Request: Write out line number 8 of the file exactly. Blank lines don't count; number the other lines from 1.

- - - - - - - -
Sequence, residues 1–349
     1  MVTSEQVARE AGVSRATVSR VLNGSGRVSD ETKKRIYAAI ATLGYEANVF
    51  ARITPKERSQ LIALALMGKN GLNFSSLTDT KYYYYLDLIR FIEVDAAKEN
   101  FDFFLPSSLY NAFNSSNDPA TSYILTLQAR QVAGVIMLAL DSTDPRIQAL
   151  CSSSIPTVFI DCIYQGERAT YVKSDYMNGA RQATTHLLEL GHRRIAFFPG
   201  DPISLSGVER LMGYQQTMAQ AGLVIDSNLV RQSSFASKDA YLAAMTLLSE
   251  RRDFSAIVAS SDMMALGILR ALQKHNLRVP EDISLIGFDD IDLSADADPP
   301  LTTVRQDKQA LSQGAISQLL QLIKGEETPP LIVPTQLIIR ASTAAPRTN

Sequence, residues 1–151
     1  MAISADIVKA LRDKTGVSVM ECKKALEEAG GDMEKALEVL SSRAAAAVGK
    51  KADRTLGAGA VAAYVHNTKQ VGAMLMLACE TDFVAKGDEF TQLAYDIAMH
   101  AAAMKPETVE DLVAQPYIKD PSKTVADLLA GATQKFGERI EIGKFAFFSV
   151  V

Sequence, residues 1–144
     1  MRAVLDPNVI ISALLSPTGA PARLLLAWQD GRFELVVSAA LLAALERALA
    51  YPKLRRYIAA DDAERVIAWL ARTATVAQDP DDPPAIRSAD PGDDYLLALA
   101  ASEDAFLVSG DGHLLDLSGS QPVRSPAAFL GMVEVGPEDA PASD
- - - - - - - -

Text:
   301  LTTVRQDKQA LSQGAISQLL QLIKGEETPP LIVPTQLIIR ASTAAPRTN